This Mushroom Macaroni Cheese “Risotto”dish was an assignment for French Friday’s with Dorie, a cooking group working its way through Dorie Greenspan’s culinary tome “Around My French Table”. We generally avoid including the recipes in our posts. However, wherever there has been a significant adaptation by me or where the recipe has already been publicly posted by Ms. Greenspan or her publishers or by hundreds of other bloggers, or it is, in fact, not much of a recipe at all, I will either include it here (adapted) or provide a direct link to it. Please feel free to contact me via the link provided on my page if you need any assistance finding a French Friday with Dorie Recipe.

You should buy the book though. It will change your life as it has mine.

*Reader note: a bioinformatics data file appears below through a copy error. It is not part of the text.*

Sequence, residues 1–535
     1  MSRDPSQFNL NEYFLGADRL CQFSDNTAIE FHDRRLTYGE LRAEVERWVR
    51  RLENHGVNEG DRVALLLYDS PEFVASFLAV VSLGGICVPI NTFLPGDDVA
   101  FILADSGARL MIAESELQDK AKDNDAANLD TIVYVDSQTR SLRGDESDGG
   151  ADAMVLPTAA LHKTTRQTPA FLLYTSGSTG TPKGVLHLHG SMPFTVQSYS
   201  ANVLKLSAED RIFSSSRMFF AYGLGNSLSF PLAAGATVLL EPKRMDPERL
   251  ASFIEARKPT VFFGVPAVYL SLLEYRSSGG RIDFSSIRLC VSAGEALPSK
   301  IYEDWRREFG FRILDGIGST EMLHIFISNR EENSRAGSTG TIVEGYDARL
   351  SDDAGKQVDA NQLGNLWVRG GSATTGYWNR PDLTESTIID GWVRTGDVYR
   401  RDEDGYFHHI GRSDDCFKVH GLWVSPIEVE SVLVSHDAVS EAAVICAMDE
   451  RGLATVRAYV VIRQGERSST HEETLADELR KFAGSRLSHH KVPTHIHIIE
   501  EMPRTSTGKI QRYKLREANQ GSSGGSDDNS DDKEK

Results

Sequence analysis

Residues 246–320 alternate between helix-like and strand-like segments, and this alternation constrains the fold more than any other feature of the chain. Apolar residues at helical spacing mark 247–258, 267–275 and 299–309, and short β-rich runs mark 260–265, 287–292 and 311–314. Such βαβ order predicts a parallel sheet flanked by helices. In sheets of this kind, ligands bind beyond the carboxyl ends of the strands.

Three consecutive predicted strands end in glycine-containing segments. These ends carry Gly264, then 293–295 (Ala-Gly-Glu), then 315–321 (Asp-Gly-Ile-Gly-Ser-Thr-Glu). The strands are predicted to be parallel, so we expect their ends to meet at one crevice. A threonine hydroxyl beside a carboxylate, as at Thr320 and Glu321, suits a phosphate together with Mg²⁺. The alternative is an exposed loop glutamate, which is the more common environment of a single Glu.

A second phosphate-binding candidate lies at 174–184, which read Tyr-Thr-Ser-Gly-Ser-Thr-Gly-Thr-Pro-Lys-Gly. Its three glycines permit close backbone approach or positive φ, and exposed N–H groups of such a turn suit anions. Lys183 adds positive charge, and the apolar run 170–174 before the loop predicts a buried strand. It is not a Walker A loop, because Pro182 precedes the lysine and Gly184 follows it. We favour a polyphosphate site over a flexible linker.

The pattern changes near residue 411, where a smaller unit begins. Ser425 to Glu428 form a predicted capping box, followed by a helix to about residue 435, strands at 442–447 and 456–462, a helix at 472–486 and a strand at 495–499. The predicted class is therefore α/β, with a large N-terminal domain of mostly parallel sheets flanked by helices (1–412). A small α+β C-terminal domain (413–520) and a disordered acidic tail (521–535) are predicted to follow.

About Trevor Kensey

To be truthful, I don't know what “Sis. Boom. [blog!]" means either. The name implies something explosive just happened I suppose I would like it if each post would make made a small 'boom' in your day or at least a fizzle. Even though a recipe is included with every post I have a hard time calling this a "food blog" or even myself a "food blogger".

Previous Post:
Next Post:

  1. Trev’s culinary
    Doppelgänger of the week?
    Oh, high fives galore!

    It was a pleasant surprise having so many people show up for this delicious pasta this week. I suspect a high number of “will be a better/more consistent blogger this year” resolutions too.

  2. And WordPress ate the “” tag indicating that was my resolution :-)

  3. Thyme and mushrooms???? I’m swooning!

  4. Wow! This sounds wonderful. I am going to have tto purchase the book, Trevor! Best to you – and keep it up with the Macaroni and Cheese. I am loving it!